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    Posted May 29, 2012 by
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    Vampires don't exist, but porphyria does


    In recent years there has been a rise in the fascination with mythical creatures. I can understand that. I read the Harry Potter series with great interest and zeal. However, starting in 2005, I felt that some portrayals of some of the creatures was not as it should be. Harry Potter was ok, but the obsession for vampires was getting to be too personal. No, I'm not a child of the night, and I don't drink blood, but I do have something that some have coopted as romantic or exciting. I have a rare genetic blood disorder called porphyria. And believe me, it's not romantic, and you don't want the kind of excitement I've had.


    So I began to have unexplained symptoms, such as severe abdominal pain, migraines with auras, and a racing heart. No doctor could figure it out. Some dismissed it as being in my head, others gave gnoses that did not match the intensity of the symptoms (and in isolation of the other symptoms). But it wasn't until I had the worst attack of these symptoms (6 months after having my gallbladder removed) that I decided to do something about it. The surgeon who removed my gallbladder 'threatened' me with exploratory surgery the next time it happened. I say threatened because after struggling to wake up from gallbladder surgery, I woke up in extreme pain. I was given pain meds several times, only to find it hard to wake up. When I finally did, I found myself completely paralyzed, including having lost the ability to speak. Not romantic at all, and not the kind of excitement that most dream about.


    So I set out to do some searching on my own. I got copies of my medical records and sat down to surf the internet. I came across several conditions, but nothing seemed to really fit. I tried a number of combinations of my symptoms, and finally came across the story of someone who has hereditary coproporphyria, or HCP. It was like a big light bulb went on. I was sure this was it. (I know what you're thinking. Self-diagnosis is dangerous. But I went about it the way a scientist would. I documented and looked at the information without emotion - objectively.) This is what I learned. Porphyria is a group of diseases that affect a person's ability to properly make heme - the thing that makes your blood red. It also works in your liver to process different chemicals, including drugs. The type that this woman had also involved skin symptoms. But it's nothing like what any of the vampire stories talk about.


    At the time, I did have a sore in the middle of my cheek that had been there for upwards of six months. And no matter what I did, it didn't seemed to go away. Truthfully, it was really low on my priority list. It was just part of my long list. I could easily cover it up with makeup, but I could not make the abdominal pain go away. The pain in my worst attack is what I described as a very large bear ripping my guts out. It put me in the hospital for three days, requiring pain medication and close monitoring of my electrolytes. Again, not romantic, and I spent most of my time sleeping off my pain meds before I got more only to be woken up so they could take more blood for lab tests or to be put in a big machine to have a CT.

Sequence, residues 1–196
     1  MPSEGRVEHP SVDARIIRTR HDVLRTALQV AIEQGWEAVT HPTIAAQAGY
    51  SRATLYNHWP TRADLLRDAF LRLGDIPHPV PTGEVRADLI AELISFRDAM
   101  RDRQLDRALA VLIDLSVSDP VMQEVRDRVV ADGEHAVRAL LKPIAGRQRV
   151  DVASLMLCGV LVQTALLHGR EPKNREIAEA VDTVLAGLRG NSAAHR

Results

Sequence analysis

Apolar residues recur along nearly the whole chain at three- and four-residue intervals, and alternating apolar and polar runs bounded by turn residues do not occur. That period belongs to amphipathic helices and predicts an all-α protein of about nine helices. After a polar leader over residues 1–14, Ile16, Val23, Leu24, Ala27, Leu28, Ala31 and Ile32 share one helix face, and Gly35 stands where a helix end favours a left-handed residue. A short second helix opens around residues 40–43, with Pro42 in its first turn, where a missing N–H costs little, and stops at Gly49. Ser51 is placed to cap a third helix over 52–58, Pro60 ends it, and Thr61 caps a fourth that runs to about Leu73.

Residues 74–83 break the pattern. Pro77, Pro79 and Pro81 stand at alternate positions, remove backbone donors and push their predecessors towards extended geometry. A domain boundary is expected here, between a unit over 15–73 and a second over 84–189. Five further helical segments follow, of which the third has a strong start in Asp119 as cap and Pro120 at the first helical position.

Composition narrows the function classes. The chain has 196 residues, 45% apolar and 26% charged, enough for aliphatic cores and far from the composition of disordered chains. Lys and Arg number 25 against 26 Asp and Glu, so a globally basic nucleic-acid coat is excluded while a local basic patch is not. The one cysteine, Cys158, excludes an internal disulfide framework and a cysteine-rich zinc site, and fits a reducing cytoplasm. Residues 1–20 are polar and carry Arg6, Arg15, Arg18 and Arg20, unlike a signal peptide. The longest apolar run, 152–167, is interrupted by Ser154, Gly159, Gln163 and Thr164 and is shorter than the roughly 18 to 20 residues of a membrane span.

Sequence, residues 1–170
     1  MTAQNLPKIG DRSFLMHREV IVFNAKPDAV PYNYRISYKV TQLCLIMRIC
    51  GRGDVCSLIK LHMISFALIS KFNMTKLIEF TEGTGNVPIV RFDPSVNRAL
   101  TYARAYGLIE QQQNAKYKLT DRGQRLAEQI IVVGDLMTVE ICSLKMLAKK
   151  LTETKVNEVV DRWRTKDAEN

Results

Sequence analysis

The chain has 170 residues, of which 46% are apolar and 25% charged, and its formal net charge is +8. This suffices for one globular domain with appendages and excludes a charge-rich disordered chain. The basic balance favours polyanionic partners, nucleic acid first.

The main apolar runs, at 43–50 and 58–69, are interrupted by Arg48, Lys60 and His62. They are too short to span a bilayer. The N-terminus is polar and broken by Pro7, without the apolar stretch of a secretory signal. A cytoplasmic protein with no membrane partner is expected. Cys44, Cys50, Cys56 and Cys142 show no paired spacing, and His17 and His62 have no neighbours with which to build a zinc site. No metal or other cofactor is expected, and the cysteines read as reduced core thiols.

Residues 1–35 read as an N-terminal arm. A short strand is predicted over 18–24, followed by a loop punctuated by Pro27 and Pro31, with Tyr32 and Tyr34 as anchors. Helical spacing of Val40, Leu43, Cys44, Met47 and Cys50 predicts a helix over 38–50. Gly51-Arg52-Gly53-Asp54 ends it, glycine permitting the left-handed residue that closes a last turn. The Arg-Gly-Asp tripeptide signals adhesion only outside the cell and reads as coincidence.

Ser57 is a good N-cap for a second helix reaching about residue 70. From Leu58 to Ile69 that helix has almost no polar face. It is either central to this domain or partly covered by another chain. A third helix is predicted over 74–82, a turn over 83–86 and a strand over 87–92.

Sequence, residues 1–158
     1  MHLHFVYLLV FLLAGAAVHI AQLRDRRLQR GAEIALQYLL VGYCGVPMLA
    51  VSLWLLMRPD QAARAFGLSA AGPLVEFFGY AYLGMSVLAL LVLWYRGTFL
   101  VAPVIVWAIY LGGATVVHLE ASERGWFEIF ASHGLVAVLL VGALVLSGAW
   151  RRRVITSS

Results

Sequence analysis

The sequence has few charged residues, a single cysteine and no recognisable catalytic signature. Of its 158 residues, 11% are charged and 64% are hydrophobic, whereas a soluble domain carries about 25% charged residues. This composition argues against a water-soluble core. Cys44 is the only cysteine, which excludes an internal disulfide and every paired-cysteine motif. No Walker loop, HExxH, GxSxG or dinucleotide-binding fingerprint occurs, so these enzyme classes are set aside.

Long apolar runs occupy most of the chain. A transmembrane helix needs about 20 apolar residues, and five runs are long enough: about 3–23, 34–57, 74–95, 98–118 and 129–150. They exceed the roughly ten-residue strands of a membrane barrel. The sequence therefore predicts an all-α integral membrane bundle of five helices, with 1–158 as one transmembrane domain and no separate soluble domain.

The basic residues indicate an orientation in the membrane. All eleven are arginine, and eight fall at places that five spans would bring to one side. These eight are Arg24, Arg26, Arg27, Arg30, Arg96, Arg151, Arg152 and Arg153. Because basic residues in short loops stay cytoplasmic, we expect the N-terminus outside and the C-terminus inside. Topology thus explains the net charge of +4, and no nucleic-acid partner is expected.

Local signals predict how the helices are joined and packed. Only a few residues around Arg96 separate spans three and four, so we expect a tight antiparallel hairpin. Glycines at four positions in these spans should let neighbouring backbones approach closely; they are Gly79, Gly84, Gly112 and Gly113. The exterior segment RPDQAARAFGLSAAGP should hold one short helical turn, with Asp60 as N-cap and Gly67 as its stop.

Long story short, large medical bills later, and loads of frustration, I was able to get to a confirmation of my hunch. I was fortunate to have found a wonderful primary care physician who worked with me. We looked at the whole picture, not just the individual symptoms.


    But once I had my answer, I knew what to do. I would need to make sure that I didn't take any drugs that would make me sick (I had instinctively done that since I was a child), and I needed to make sure I ate enough carbohydrates (low calories can cause an attack), and I would need to put a hat on whenever I went outside during the daytime.


    I knew that, unlike the myth created by Bela Lagosi, my skin does not literally burn up upon exposure to the sun. It takes about 24 hours for something to appear. Most times it looks like an infected acne sore. Once in a while, it's just a small raised sore with clear puss. I can eat garlic, and I would never think of drinking blood. It's gross and would never work.


    But one thing is for sure. Since having been diagnosed, my life has changed. Some people in my life doubted I had it (it is very rare) or that I should just 'get over it' because I'm not having symptoms. I wish I could just be done with it, too. But more than anything, I do not like the association with vampires. It is not glamorous, and it's often painful. But it's real life, so I deal with it. So, no I'm not a vampire, but I do have porphyria.

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